chase, and Junior didn’t seem to have noticed or recognized him. And besides, it was
an easy enough place to be, especially in the early evening before the crowds showed
up. Rogan had never been much about following a routine—it had been a need for more
action and variation in his days that had lured him to Miami in the first place. But
now that his job provided exactly that, maybe he was learning that having a few things
that seemed familiar and routine could be nice.
Or maybe he was just getting old.
Or maybe he was hoping April—damn, he still couldn’t remember her last name—would
walk back through that door one night when he was here. It had been a week since she’d
gone running out of his apartment like a woman on fire.
But . . . not
a woman on fire. She
a woman on fire. Just in ways she didn’t want to admit. And ways
couldn’t stop thinking about.
And he felt like shit for not retaining her last name, but there’d just been too much
going on, too much crackling electricity and smoldering heat.
“Another beer?” Dennis’s niece asked from behind the bar. He’d learned
name was Taylor.
“Not yet,” he said easily. But as she started to walk away, he added, “That red jacket
still in Dennis’s office?” He’d asked her every night he’d been in here since then.
Taylor knew because she locked her purse in the office before she started her shifts.
“Yep, still there.”
He just gave a short nod, then let her get back to work.
As big a deal as Ginger had made about that jacket, he couldn’t believe she hadn’t
come back for it. But then again, she’d seemed pretty damn freaked out when she’d
left. Just when he’d thought she was finally relaxing into it, too. He’d been feeling
good, pretty relaxed himself, like the two of them were finally in sync on things—and
then she’d bolted.
In reality, he’d never been into that kind of sex, either.
deep into it. But . . . hmm, on second thought, maybe he
flirted around the edges of domination and submission from time to time and had found
it could be a pretty hot little game. And with April, damn, it had been
hot. It had been molten lava hot, burning red magma hot. And though he’d never before
been with a woman who clearly wanted to be held down, the situation had turned him
on instantly. And he was comfortable enough with who he was and with sex itself that
he hadn’t questioned or worried about his own responses for even a second.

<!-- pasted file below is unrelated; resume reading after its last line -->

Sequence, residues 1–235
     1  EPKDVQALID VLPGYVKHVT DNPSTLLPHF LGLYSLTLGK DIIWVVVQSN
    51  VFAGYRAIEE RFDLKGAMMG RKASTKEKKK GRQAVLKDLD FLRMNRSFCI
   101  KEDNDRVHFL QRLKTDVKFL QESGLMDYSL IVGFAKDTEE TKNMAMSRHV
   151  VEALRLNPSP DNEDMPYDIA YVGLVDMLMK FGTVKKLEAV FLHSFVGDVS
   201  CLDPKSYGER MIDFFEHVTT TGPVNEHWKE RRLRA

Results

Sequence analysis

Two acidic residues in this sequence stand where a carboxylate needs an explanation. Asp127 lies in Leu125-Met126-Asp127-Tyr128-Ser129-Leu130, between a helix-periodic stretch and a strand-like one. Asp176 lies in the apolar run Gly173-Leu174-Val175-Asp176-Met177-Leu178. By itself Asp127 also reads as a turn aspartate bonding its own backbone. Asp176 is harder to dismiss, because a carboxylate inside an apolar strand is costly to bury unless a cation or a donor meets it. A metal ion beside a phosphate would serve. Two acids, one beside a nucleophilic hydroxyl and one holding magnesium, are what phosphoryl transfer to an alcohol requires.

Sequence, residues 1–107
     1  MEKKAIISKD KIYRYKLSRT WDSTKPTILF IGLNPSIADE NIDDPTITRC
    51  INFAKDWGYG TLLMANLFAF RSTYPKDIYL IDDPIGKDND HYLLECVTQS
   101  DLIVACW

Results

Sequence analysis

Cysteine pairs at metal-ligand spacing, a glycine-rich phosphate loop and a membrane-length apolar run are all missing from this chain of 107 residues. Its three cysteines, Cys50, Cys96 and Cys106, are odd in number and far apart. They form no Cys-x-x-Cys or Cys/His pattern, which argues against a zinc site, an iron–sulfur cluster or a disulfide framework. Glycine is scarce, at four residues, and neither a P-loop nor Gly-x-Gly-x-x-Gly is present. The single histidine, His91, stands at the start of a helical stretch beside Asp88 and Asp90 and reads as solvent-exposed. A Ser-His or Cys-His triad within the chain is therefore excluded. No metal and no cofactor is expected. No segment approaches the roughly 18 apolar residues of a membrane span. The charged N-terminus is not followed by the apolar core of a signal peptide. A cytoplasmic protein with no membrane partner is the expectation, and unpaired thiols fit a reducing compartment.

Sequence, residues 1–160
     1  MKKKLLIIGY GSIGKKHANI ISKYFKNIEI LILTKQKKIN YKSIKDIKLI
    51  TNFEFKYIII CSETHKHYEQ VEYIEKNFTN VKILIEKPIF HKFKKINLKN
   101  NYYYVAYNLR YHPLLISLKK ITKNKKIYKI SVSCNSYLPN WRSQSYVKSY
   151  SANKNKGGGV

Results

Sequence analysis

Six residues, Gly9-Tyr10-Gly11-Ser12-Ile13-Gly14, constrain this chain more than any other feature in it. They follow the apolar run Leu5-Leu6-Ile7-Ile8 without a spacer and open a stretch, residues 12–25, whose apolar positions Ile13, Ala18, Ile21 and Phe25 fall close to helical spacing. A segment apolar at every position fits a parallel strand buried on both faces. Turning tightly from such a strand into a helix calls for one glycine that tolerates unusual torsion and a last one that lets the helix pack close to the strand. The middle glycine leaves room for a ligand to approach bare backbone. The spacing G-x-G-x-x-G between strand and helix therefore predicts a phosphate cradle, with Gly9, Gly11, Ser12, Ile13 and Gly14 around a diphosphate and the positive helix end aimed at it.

Of course, when it came to sex, he’d been around the block and back. And he’d had
some experiences that he knew not just every person would get into or be able to handle.
He’d once been part of a foursome on a yacht on Lake Michigan with two of his H.O.T.
brothers and the girl he’d heard one of them was engaged to marry soon. And he’d shared
a steamy ménage à trois with another of his H.O.T. buddies and Mira, the girl he’d
figured out he loved too late, the one that got away. It had been that very weekend,
in fact, when he’d realized it, but she’d already fallen in love with someone else,
someone that he knew, in the end, would probably make her happier than he could. In
fact, it had also been Mira he’d not used a condom with. He’d wanted nothing in between
them when they fucked.
With Ginger, though, the no-condom part had been a mistake, pure and simple, but . . .
maybe that was part of why it had been such good, sweltering hot sex. He’d felt how
wet and warm her pussy was, his cock gliding in and out of all that soaking moisture
with total ease, even as the hot little passageway had hugged every inch of his length
snug and tight the whole time.
Still, though, that was only part of it. The struggle was part of it, too. As was
the part where she’d finally settled down and behaved her naughty little self. Damn,
looking back now, he suffered the urge to bend her over his knee and give her a good,
hard spanking. Given that it was an urge he’d never particularly experienced before,
clearly their unusual encounter had inspired him in whole new ways.
But maybe all the wild sex he’d had in the past made it easy for him to accept something
new. Whereas . . . a woman like
? A woman he’d originally seen as buttoned-up? Maybe it was harder for her to accept
her own kinky desires.
His dick was getting hard just remembering it all, just wishing for more. Because
he hadn’t gotten nearly enough of her. He wanted to play dark, dirty games with her,
wanted to see how hot they could get each other with her penchant for a good tussle